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Eighth Step Set to Reopen in Proctor’s


The Eighth Step, Albany’s longtime acoustic music venue that in recent years had been operating without a permanent location, will reopen this autumn in Proctor’s GE Theatre in Schenectady, Proctor’s announced in an April 19 press release.

Margie Rosenkranz, the Eighth Step’s director, said in a phone interview, “I’m excited about this not only for the obvious opportunity for the Step, but I’m excited also because Proctor’s is so supportive of the independent arts.”

The fall schedule lists the Sheila Jordan Jazz Trio on Oct. 6; a 40th-anniversary concert on Oct. 20; Woodstock 1969 opener Richie Havens on Dec. 8; and many others.

Founded in 1967, the Eighth Step is the nation’s oldest nonprofit folk coffeehouse (Caffe Lena, the other old local bastion of acoustic music, opened in 1960 but did not become a nonprofit until 1990 following the passing of its founder, Lena Spencer). In its heyday at the First Presbyterian Church (at Willett and State streets in Albany), the Step presented folk music, country blues, old-time Appalachian, bluegrass, Celtic, singer-songwriters, women’s music, and more (disclosure: I was a regular Step performer and Webmaster of their site). Marquee performers included Pete Seeger, Arlo Guthrie, Tom Paxton, Ani DiFranco, and John Gorka.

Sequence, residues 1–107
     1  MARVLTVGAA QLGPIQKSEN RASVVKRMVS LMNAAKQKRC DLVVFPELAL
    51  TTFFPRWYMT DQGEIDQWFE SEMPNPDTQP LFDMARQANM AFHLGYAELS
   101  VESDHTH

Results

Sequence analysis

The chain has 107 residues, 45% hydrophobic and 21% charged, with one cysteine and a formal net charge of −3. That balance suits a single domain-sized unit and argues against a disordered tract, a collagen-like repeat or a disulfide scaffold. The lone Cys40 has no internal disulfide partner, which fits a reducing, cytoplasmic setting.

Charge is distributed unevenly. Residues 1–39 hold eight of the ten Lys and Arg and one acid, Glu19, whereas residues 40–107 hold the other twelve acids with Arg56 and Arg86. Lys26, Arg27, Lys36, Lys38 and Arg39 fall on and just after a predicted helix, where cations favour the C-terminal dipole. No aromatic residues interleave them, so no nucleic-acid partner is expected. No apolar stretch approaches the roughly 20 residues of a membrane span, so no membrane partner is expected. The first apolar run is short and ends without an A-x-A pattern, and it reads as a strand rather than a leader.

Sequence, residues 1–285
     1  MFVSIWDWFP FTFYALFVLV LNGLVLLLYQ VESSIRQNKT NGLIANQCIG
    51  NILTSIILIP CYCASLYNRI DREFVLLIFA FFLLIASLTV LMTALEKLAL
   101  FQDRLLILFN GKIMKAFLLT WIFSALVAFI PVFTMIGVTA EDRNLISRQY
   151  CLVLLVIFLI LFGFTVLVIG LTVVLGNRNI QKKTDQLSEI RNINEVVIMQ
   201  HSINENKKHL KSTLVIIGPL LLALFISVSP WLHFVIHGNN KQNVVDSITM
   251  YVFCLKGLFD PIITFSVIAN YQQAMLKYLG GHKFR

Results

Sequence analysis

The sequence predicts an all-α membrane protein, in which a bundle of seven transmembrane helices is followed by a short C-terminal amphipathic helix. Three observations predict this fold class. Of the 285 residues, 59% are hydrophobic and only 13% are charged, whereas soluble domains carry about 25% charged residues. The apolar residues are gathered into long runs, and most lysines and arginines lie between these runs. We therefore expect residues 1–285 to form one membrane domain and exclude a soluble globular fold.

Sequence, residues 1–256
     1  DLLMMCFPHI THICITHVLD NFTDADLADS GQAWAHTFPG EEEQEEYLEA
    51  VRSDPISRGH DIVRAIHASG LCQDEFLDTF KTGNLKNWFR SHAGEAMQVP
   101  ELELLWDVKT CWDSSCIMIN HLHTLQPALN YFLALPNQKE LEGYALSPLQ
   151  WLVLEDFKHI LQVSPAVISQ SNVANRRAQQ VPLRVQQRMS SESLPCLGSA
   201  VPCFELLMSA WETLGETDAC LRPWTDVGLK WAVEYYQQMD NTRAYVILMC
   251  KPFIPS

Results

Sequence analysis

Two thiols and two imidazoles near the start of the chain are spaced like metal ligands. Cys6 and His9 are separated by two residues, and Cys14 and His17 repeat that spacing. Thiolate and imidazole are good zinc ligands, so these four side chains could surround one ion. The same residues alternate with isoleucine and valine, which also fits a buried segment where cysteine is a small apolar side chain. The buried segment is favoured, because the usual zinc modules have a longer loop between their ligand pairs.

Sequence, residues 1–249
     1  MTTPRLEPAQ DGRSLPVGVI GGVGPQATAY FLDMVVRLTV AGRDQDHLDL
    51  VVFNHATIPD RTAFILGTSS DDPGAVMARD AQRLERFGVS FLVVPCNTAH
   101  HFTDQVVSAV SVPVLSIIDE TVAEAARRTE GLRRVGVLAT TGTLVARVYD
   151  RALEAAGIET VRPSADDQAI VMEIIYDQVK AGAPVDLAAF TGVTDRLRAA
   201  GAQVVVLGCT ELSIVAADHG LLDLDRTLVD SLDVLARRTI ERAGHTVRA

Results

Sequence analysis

But in 2000, the church asked the Step to vacate its home of more than 30 years, and the coffeehouse spent its next two seasons in the Cohoes Music Hall. Hard times dogged the establishment again in 2003 when they lost a turf battle with a theater group vying for the same space, and had to leave.

For the next few years, the Eighth Step was at low ebb, presenting infrequent shows at local colleges, Albany’s Steamer No. 10 Theatre, and also the state education building as it looked for a permanent location. Now the Step will give concerts under Proctor’s auspices in the 425-seat GE Theatre in the Proctor’s Arcade, and also offer smaller shows at Upstairs at 440, a 120-seat venue in a former Oddfellows Hall at nearby 440 State St. (both sites currently are under construction). The Step will have full autonomy in its choice of programming, and will continue to feature, among other acts, politically edgy performers other venues might shy away from.

Sarah Craig, manager of Caffe Lena, welcomed the Step’s reemergence, saying, “It takes a strong network of good presenters to keep a healthy folk scene alive.”

Tickets will be sold not only through the Proctor’s box office, but also the Step’s longstanding ticket outlets: the Book House in Stuyvesant Plaza; the Honest Weight Food Co-op in Albany, Market Block Books in Troy, the Open Door in Schenectady, the Green Grocer in Clifton Park, and Celtic Treasures in Saratoga Springs. The Eighth Step’s current Web address is, and the phone number is 434-1703.

—Glenn Weiser

Rachael Ray at Valentine’s? How Cool Is That?

Last Saturday night, TV personality, chef and magazine entrepreneur (and Capital Region native) Rachael Ray was spotted at Valentine’s in Albany (we assume she was there to support her husband, John Cusimano, when his band, the Cringe, took the downstairs stage). This photo of Ray, pictured with DJ Jezebel in Hell (from Valentine’s biweekly dance party, Original Sin) and a patron, was submitted by Original Sin co-promoter DJ Feral.

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